I think I will declare my 2014 urban garden in southern California a federal disaster area. I am going to attribute my low harvests last year to drought, climate change, critters, and being sick a lot of the year (colds, flu, minor infections). It all took away from the garden.
You cannot reap what you do not sow. And if I did sow something, it seemed like the critters got it. Bird, squirrels, possums, rats–they all enjoyed my garden more than I did.
Let’s get right to the bad news. Fruit harvest was 86 lbs. Vegetable harvest was a pathetic 81 lbs. That makes the total produce harvest 167 lbs. PATHETIC! But egg production was 530 eggs last year, which is not bad. We gave away eggs in the spring, but had to actually BUY eggs this winter, four dozen. Lazy hens.
Now before you Midwesterners and New Englanders laugh your heads off, I should point out that my urban farm sits on a mere 4500 square feet of land, and our 1700 sq ft house, 3-car garage, driveway, sidewalks, deck area, and chicken coop occupy most of that space. I have crammed dwarf and semi-dwarf fruit trees around the perimeter, with four main veggie beds and a couple of extra little plots here and there, wherever there is room and a bit of sunshine. I have even grown potatoes in Gro-pots in the driveway, but my husband dismantled them this year due to extreme unsightliness.
To sum up, here is an approximation of my 2014 harvest.
Apples — 0
Asian Pears — 8 lbs
Apricots — 4 lbs
Avocados — 8 lbs
Lemons — 20 lbs
Limes — 8 lbs
Nectarines — 0
Oranges — 30 lbs
Peaches — 10 lbs
Plums — 0
Strawberries– 0 (in all fairness, I ate all of the strawberries right off the plants without weighing)
Artichokes — 6 lbs
Bell Peppers–10 lbs
Chard — 4 lbs
Collards — 5 lbs (I produced a lot more than that but fed them to the chickens without weighing)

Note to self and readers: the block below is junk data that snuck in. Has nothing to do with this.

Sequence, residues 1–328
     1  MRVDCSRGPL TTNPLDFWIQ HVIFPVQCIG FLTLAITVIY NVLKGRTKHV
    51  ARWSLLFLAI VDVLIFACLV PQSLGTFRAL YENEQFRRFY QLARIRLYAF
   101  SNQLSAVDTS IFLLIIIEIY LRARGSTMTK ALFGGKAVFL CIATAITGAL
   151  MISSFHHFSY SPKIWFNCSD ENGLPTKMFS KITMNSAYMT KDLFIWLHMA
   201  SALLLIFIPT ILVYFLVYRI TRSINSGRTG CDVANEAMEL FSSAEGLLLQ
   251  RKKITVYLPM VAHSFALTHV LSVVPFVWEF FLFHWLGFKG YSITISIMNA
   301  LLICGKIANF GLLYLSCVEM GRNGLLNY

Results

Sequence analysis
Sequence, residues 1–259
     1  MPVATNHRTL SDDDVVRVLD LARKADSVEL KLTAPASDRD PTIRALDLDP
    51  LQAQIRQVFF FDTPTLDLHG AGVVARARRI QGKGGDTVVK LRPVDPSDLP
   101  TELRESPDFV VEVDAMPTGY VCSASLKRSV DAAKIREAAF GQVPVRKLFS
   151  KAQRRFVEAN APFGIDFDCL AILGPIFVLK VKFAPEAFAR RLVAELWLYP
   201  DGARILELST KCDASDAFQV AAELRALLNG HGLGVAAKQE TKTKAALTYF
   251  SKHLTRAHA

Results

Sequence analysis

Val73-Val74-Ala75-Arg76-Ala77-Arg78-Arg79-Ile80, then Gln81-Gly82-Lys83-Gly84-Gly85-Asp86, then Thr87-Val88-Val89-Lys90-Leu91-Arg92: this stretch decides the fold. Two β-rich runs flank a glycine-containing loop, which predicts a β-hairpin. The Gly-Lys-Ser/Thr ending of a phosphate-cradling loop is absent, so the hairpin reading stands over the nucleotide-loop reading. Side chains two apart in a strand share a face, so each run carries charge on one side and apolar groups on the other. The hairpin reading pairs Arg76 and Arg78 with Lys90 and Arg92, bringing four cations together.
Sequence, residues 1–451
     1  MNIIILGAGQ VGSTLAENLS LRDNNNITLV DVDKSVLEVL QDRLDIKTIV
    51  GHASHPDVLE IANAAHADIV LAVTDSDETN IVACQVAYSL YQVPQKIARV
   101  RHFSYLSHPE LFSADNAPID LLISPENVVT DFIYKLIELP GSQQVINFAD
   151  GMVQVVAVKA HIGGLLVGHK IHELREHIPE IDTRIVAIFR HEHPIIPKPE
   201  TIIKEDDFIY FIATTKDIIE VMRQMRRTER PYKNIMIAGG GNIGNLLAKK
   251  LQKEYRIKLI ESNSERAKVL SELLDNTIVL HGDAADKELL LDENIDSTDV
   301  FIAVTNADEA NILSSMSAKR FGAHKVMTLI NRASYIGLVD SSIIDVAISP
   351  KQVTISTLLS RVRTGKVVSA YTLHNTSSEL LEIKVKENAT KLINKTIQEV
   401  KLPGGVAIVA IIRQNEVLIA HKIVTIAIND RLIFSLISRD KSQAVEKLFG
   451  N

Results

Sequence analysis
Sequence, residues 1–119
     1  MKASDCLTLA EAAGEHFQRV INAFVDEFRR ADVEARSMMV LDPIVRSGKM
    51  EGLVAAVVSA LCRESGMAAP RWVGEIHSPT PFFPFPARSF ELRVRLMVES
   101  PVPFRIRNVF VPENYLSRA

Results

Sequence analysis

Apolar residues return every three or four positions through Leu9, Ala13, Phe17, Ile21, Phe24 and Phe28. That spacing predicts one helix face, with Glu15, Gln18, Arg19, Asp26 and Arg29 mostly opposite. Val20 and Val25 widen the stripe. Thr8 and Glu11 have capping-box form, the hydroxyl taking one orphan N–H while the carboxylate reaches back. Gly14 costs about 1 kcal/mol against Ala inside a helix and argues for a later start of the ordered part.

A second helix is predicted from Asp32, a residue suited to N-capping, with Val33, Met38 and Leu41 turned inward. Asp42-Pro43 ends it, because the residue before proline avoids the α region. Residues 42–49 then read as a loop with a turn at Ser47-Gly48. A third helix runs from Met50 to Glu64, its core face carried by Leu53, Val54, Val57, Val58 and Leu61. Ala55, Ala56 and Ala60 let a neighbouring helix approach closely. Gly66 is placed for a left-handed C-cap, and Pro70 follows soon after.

Green Onions– 1 lb
Kale — 1 lb
Komatsuna — 1 lb
Lettuce — 2 lbs
Onions — 33 lbs
Snow peas — 3 lbs
Summer squash- 4 lbs
Winter squash 10 lbs
Now doesn’t that make you feel better about your own gardening efforts? Some of you get more produce than that in one WEEK.
But hope springs eternal in the heart of a gardener, and I am already planning and planting my 2015 garden. The radishes and snow peas have sprouted. I have transplants growing of red cabbage, cauliflower, and arugula. I have kale, collards, artichokes, arugula, green onions, radishes and bell peppers growing as holdovers from 2014. So wish me luck. The year 2015 can’t possibly be as bad as 2014 was. Can it?
I’m envious of your harvest of wonderful citrus, avocados, and artichokes — all a challenge to grow in New England. As they say, the grass is always greener on the other side… 😉
Ah, yes, that green grass on the other side. I keep envying the big harvests others enjoy, while your New Englanders look in favor on my citrus and avocados.I guess it is human nature to want what we do not have.
The pests are certainly a pain here too. I cover so much of the garden at one time or another. I can’t grow any fruit without covering it our the squirrels would get it all. I’m always amazed by how much they can eat.
Daphne, I invested in more netting today, enough to cover yet another bed. I am going to fight those darn critters this year.
Couple years ago I lost most if not all my Asian pears to critters, last year it was stink bug damage, wonder what will happen this year? New breed of caterpillar that feast on brassicas is showing up in our area am told to spray with Bt, will give it a try, hope it helps.
I am so envious of your citrus harvest. How I wish I could grow them in New York.
Norma, it seems that each year brings us a new gardening challenge. Begrada bugs, a non-native invader, have become a pest out here. So far the only thing after my Asian pears are the big critters. Gardening is a constant challenge.